Yesterday was a really long day – we finally got home from the hospital at 9 pm after the Radiation simulation and planning session.
I arrived at the Hospital in plenty of time, so that I would be relaxed beforehand. I knew it would not be able to compete with chemo for stress and anxiety but I was still not so sure what it would entail. I was also a bit worried about Twang Arm as I knew I would probably need to move it beyond its willing range of motion.
The Radiation Technician spent some time with me, giving me briefing information about the simulation and about radiation itself. She also told me that Dr C was delayed by traffic disruption caused by the Red Shirt protests. He was on his way but would be a bit late.
That gave me time to read all the gory details about Rads. It seems to have more side effects than I would like, but I know that these are not options. If I want the best chance of recovery, I need to stop complaining about the side effects and gracefully accept the treatment! Still, a suppressed immune system is something I have had enough of. Pneumonia is also not something I want to experience again. The briefing information does aim to deal with all types of radiation though, so I saved up some questions for Dr C.
I then had to change into a cute gown ready for the first simulation. And for the shaping of my own personal body cushion. I had to lie down in the position needed for the radiation (pulling Twang Arm as high as possible). Underneath me was a kind of large, blue pillow case filled I think with polystyrene beads. This was moulded around me, and the air removed to make this vacuum mould. This mould will be used throughout the radiation sessions to hold me in exactly the same position and ensure total precision and accuracy in directing those gazillions of rays. I was swung around and came face to face with the radiation machine above me. It only seemed polite to say hello to it, which seemed to puzzle the technical staff!
Throughout this, and the CT scan, I was drawn on by special markers, to set out the parameters for the radiation. I was a bit alarmed that the markings were as high as my neck and on my right side as well as left.
After this was finished, I was taken for the CT scan. To my technical mind it seemed to be a combination of a spin dryer and a very large doughnut. I was put on my mould and prepared to be slid towards the centre of the machine – the hole in the centre of the huge doughnut. Now the space in the centre is very small, and I am not. I knew I would not fit – it felt as if I was being threaded like a needle and felt very claustrophobic. The technicians adjusted my arms and moved me over slightly as I slid towards the doughnut. Sure enough there seemed to be plenty of room and the doughnut didn’t eat me, but I moved easily into the space. An electronic voice warned me in very posh English, not to move and something in the CT machine started to spin. Just like drying the washing. I was moved back and forwards as the machine did its work, and as I tried very hard to keep totally still.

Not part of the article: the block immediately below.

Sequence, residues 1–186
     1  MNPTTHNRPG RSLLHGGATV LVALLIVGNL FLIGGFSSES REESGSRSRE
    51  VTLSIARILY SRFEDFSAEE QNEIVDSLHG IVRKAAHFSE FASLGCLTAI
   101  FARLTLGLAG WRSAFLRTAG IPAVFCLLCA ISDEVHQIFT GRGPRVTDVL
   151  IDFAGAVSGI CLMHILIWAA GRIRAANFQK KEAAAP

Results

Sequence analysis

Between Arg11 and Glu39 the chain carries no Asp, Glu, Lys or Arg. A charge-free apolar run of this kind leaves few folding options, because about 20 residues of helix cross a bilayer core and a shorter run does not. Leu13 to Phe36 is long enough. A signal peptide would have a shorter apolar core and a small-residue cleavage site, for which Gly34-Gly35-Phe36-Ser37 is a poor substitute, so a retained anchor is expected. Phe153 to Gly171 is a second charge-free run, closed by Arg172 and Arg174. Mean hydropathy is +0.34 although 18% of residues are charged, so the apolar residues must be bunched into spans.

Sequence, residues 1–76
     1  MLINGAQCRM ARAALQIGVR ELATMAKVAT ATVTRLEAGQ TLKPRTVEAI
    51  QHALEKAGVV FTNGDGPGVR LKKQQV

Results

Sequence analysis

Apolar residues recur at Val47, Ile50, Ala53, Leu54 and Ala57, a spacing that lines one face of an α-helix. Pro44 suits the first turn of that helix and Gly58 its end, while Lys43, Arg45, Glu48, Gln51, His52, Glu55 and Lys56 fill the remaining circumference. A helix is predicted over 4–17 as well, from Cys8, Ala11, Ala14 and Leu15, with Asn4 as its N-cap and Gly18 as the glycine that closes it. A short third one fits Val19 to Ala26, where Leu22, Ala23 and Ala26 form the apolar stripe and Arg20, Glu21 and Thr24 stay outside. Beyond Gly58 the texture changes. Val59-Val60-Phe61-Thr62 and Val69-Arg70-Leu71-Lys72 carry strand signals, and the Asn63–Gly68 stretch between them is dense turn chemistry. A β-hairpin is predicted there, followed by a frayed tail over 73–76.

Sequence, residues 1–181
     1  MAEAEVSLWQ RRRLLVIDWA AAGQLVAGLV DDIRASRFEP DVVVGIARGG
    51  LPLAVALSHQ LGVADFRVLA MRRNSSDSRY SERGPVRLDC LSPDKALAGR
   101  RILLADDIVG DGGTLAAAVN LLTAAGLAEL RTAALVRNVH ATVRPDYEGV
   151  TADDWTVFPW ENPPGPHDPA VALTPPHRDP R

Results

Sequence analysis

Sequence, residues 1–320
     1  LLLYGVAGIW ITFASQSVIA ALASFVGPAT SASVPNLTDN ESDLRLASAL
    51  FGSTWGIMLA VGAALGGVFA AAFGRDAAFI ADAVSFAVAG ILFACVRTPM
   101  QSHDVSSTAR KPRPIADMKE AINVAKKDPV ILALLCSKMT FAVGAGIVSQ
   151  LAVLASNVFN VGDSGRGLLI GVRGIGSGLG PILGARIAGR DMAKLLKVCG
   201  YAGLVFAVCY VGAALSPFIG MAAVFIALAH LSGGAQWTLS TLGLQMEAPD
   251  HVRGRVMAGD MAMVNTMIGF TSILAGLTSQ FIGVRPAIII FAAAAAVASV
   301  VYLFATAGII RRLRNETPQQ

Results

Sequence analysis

It is a very odd sensation and not in the slightest painful or uncomfortable, but I was very glad when it was finished.
I was taken back to the waiting room and told that they were now going to do the calculations and planning and do the first radiation treatment as soon as the planning was done. That would take around one and a half hours so I was free to go and eat if I wanted. After all that spinning and slithering the last thing I felt like was eating, so I opted to stay in the waiting room and watch mind numbing reality TV.
It seems that I am quite complicated. The planning took longer than usual and it was well over 2 hours when I was called for the first radiation. In the meantime I had been given my appointment book (they call it my radiation passport – how cute!) and we had gone through the process and timing. I knew that I would have 25 sessions, 5 days a week from Tuesday to Saturday. I will have a Sunday and Monday off! Yay! I will also have blood taken every week or so to see how the radiation is affecting my counts (no!!) We negotiated that when I have bloods taken for my appointments with Dr W, I can bring those rather than have to take more blood (yes – result!)
So finally I was put back on my mould and line up for the first cooking session. The lights were dimmed, switched on, off and I was raised towards the machine. It buzzed, whirred and made some odd noises and then moved into a different position to have a go at Twang Arm. I was reminded of my friend’s funny story during one of her Radiation sessions. She had been highly alarmed to smell what she was convinced was burning. It turned out someone’ was eating a barbecued/burnt lunch in a nearby corridor!!
Again, I knew that this would not be painful but I still found it quite scary. I imagined sudden pain or burning, or melting of my port – mostly because I cannot claim to understand how this radiation works. My lay mind only knows that radiation causes burns and cannot understand how this will not be painful!
Soon the buzzing and whirring stopped and I was swung back round to the original place. The technicians explained that Dr C wanted to talk with me.
Once I was extricated from my mould and sitting upright, Dr C explained that more planning was needed and that they had not been able to do the first radiation session. It seems I am quite complicated! They need to be absolutely confident that the calculations and markings are all spot on. However, he also reassured me that this type of radiation should not affect my immune system! That is very welcome news.
So we had no option but to call it a day. Dr C headed off to work on the planning and calculations and J and I headed home for a late dinner!
So no Roast Gecko yet, but let’s see what today brings……….